I remember her large brown eyes staring after me. She stood there as his knives bit into her tender flesh. She watched me run away to safety.

My heart hurt as I ran. It still hurts.

For strength, the shifter’s heart must be eaten. It will provide the strength of six men.

Excerpt from The Essential Book of Traditional Medicine: Chapter 4

My cleft hoof catches and I fall with a sickening thud. I try to get up but I can’t get my trembling legs under me. Nostrils flaring wide in fear, I paw at the ground and push up. I try to take off but I am too slow.

Pain slices down my backside as the blade sinks down to hit bone. I scream and jerk my head but my horns fall short, they are too small.

Another stab, this time my leg. I fall heavily and watch the monster move forward. Will it be my heart, arm, or gallbladder that he will cut from my body first? Will I be able to remain silent as mother did when he butchers me?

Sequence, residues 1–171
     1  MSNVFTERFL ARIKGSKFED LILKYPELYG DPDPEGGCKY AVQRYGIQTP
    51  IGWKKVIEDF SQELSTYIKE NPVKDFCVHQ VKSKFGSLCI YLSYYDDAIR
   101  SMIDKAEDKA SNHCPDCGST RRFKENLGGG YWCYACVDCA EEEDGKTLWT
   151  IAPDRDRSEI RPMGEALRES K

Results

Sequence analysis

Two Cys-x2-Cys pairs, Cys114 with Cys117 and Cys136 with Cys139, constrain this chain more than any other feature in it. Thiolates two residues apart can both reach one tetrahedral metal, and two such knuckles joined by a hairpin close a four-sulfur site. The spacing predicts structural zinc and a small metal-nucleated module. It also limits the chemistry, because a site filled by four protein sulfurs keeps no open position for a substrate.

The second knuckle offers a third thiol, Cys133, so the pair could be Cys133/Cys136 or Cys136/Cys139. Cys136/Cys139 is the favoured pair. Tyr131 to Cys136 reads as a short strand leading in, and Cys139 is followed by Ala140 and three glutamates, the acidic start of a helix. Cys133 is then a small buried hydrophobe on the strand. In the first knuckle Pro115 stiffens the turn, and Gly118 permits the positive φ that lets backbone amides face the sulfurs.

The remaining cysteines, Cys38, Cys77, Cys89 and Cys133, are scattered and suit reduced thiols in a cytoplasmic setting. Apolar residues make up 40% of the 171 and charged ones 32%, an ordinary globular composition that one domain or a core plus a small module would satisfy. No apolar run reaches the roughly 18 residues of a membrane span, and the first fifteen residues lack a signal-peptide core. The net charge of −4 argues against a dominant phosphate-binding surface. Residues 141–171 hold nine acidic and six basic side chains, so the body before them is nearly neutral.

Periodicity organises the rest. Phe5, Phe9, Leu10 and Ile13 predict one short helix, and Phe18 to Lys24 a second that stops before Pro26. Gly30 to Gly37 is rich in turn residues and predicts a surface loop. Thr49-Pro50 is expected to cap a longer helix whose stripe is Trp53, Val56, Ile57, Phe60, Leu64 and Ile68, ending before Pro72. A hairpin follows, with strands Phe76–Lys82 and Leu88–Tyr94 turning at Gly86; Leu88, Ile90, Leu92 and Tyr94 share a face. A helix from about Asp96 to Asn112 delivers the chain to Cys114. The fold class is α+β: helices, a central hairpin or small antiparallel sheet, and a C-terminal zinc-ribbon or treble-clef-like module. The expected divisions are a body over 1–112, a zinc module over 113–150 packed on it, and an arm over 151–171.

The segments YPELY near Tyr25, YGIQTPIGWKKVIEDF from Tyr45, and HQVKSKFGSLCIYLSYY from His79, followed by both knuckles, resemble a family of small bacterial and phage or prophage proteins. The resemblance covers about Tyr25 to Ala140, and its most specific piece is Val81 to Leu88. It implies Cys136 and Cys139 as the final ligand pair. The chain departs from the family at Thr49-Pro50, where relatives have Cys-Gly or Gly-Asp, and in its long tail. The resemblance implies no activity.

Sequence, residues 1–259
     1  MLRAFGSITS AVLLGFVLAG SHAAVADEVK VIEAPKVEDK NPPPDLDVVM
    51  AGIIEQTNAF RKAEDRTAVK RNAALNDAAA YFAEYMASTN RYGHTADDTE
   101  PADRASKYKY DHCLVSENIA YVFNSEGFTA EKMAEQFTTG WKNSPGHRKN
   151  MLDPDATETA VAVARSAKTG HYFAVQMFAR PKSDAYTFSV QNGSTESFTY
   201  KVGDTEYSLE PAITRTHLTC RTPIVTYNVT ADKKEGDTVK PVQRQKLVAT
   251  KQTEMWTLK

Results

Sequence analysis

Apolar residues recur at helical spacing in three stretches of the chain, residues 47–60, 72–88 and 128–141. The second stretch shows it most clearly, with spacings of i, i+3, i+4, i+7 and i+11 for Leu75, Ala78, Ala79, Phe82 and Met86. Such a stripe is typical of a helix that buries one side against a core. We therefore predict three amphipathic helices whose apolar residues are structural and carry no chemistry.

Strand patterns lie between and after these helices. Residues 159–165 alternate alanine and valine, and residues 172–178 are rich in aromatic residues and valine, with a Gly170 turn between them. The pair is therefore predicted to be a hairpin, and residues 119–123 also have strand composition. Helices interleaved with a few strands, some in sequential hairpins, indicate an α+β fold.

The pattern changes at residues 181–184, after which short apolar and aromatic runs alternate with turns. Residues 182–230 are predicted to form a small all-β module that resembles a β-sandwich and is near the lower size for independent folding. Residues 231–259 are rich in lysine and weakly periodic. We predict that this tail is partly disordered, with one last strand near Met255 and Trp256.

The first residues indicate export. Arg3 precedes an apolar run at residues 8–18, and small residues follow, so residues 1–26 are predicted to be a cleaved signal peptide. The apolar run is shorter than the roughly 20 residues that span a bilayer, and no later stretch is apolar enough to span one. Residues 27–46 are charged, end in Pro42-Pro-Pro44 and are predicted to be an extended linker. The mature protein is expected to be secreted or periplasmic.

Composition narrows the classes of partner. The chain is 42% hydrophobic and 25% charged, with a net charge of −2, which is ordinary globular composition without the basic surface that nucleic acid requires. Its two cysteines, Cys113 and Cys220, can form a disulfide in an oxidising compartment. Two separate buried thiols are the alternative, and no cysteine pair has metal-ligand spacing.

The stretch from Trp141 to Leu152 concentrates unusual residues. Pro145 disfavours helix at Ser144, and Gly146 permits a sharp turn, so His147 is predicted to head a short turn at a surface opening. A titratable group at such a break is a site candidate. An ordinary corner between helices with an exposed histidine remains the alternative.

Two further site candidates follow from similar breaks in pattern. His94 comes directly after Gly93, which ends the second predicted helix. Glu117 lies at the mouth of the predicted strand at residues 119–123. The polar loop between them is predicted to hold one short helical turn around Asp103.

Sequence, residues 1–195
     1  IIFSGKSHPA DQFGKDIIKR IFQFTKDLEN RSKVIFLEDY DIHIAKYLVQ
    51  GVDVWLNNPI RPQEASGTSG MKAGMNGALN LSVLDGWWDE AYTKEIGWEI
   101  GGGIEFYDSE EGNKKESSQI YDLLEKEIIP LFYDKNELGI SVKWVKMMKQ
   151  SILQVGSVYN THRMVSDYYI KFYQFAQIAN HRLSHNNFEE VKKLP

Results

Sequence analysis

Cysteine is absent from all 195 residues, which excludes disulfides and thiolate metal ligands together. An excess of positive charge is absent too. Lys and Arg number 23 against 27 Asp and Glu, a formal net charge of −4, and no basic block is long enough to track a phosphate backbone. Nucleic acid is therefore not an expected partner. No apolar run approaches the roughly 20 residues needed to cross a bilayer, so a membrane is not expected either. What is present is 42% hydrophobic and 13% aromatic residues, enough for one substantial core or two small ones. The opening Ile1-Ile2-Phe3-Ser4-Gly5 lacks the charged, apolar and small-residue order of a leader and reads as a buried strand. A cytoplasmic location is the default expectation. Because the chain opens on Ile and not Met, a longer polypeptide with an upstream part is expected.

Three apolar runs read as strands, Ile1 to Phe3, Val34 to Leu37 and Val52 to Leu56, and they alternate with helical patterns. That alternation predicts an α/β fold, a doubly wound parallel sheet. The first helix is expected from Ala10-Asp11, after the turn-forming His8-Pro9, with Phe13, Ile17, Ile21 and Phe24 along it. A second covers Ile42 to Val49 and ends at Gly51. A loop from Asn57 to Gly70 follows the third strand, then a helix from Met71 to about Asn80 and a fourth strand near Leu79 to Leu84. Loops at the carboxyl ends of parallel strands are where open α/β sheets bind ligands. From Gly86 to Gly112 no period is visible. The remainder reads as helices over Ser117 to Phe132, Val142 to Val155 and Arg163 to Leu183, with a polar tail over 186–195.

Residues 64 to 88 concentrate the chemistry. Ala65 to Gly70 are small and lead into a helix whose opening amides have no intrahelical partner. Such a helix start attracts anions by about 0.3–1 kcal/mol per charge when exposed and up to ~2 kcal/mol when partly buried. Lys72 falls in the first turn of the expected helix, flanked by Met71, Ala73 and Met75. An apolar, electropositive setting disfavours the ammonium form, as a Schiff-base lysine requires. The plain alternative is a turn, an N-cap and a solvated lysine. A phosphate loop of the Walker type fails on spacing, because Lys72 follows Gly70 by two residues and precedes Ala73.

Like mother, I refuse to look away.

Only I notice the shift in the dark.

Mesmerized, I watch as an animal that should be extinct in this land leaps.

After a while, the screaming and whimpering of a man being eaten alive stops.

The cougar looks old but despite its age, the fur ripples with muscle. The pelt is an almost silver dun color, the exact shade of an old man’s hair. Our eyes meet; his positioned forward, mine to the side of my head.

My instinct is to run, his to chase. Only the trickle of blood falling from his chin remains unfrozen in time. We stare at each other for a long time.

He flashes his large canines. I twitch my ears. In the silence that follows there is an unspoken understanding. We separate onto separate paths.

Mother told me once that there is only one rule that we must follow, and it is this: Do not reveal yourself. Never shift in front of a human lest the skin on your back be stripped and your organs consumed, for they are monsters.

Joanna Benitez

Joanna Benitez is a storyteller living in Los Angeles, California. Her writing currently revolves around folklore, mythology, and fairytales. Some of her short stories have been published in the Northridge Review, Body Part MagazineFantasia Divinity Magazine, and Bibliotheca Alexandrina’s Les Cabinets des Polythéistes, among others. When she is not writing or reading she can be found walking her dog, Luna.

Artwork: Kmye Chan, Faun.


This entry was published on July 31, 2019 at 12:02 am and is filed under 37 (July 2019), Fiction. Bookmark the permalink. Follow any comments here with the RSS feed for this post.